– It was, after all, a privacy scandal. If someone has slightly more evil intentions than the Norwegian Institute of Public Health, you can do a lot of bad things with the information the app collects in the first place, says Martin. gravel hawk In the Bouvet Company.
It shows that the app keeps track of where you go and which cell phones are near you. This way, they can relate information and know who you will meet and talk to.
– If you’re chasing opponents, gays or others that you don’t like, an app like this will make it easier for you, says Gravråk.
The consequences can be dire
Mnemonic also compares Ehteraz to the first version of Smitestopp.
– Tor Erling Bjørstad in Mnemonic tells NRK that the consequences for individuals and groups if data deviates from Ehteraz could be significant.
He’s downloaded apps and analyzed what’s in the app bundles, and he doesn’t think the apps are hair-raising compared to the “normal apps” that most people use.
– At the same time, they process data, in particular associated with GPS and location, which has a high potential for abuse. In a way, you have to trust those who develop or own the apps, and it’s not unreasonable that you particularly wish to trust the authorities in Qatar.
However, his technical analysis did not find any indications that they could actually change things stored locally on mobile, but nevertheless warns that the reason may be that it has not yet been implemented. So it may come in a later update.
– Increases risk
Naomi Lintvedt, a research fellow at the University of Oslo Law School, reviewed the legal aspects of the applications at the request of NRK.
She agrees with the head of security at NRK that there is a lot that is hard to find, and Apps are described as “Very unfair.”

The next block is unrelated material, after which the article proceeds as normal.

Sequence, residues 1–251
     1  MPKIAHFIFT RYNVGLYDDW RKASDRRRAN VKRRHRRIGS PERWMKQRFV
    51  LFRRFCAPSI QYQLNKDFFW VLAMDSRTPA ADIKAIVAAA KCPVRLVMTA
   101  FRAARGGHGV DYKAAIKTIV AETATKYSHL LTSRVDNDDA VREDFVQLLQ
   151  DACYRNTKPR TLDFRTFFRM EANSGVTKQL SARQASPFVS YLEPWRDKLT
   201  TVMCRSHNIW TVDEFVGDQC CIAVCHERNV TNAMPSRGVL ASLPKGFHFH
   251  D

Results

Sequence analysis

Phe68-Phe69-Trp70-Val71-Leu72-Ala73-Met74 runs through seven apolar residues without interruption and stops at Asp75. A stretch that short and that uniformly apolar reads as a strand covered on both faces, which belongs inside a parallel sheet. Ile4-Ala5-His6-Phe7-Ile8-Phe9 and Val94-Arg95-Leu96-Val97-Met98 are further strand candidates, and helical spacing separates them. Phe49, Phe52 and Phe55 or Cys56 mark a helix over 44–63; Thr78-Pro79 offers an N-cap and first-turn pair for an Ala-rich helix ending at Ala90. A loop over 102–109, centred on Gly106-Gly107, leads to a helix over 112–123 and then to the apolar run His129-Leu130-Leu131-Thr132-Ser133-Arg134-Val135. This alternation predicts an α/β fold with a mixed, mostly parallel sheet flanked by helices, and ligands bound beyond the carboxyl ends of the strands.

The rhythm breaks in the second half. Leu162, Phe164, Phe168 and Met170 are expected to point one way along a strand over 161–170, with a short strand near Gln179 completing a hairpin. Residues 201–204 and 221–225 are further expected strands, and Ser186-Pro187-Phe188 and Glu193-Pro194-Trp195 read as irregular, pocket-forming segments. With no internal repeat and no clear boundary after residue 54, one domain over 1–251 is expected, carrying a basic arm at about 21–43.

– You can not agree to parts of the use, but to everything. If I understand the apps correctly, there will also be limited options for changing permissions there. This means that if you want to go to the restroom, you have no other choice. This is a forced application, with no options, as you point out.
Lintvedt says frankly that if she were an employer, she would not allow employees to move their work to Qatar.
Even as a private person, she was very skeptical about using her own phone in the World Cup country.
– What are the main criticisms of these applications as you see them?
– HmmToo many years in the data being logged and used. They have very wide access to change and take over functions on your mobile phone, which seem completely unnecessary. It allows for government monitoring, and because it is Qatar, this must also be taken into account. She believes this increases the risk that the data will be used for purposes other than purely infection tracking.
silence from qatar
NRK has provided the findings to FIFA about the intrusive application data collection. They state that they do not wish to comment on the matter.
The Qatar World Cup Committee and the Qatari government have also come under fire from the apps. They also did not respond to NRK’s inquiries.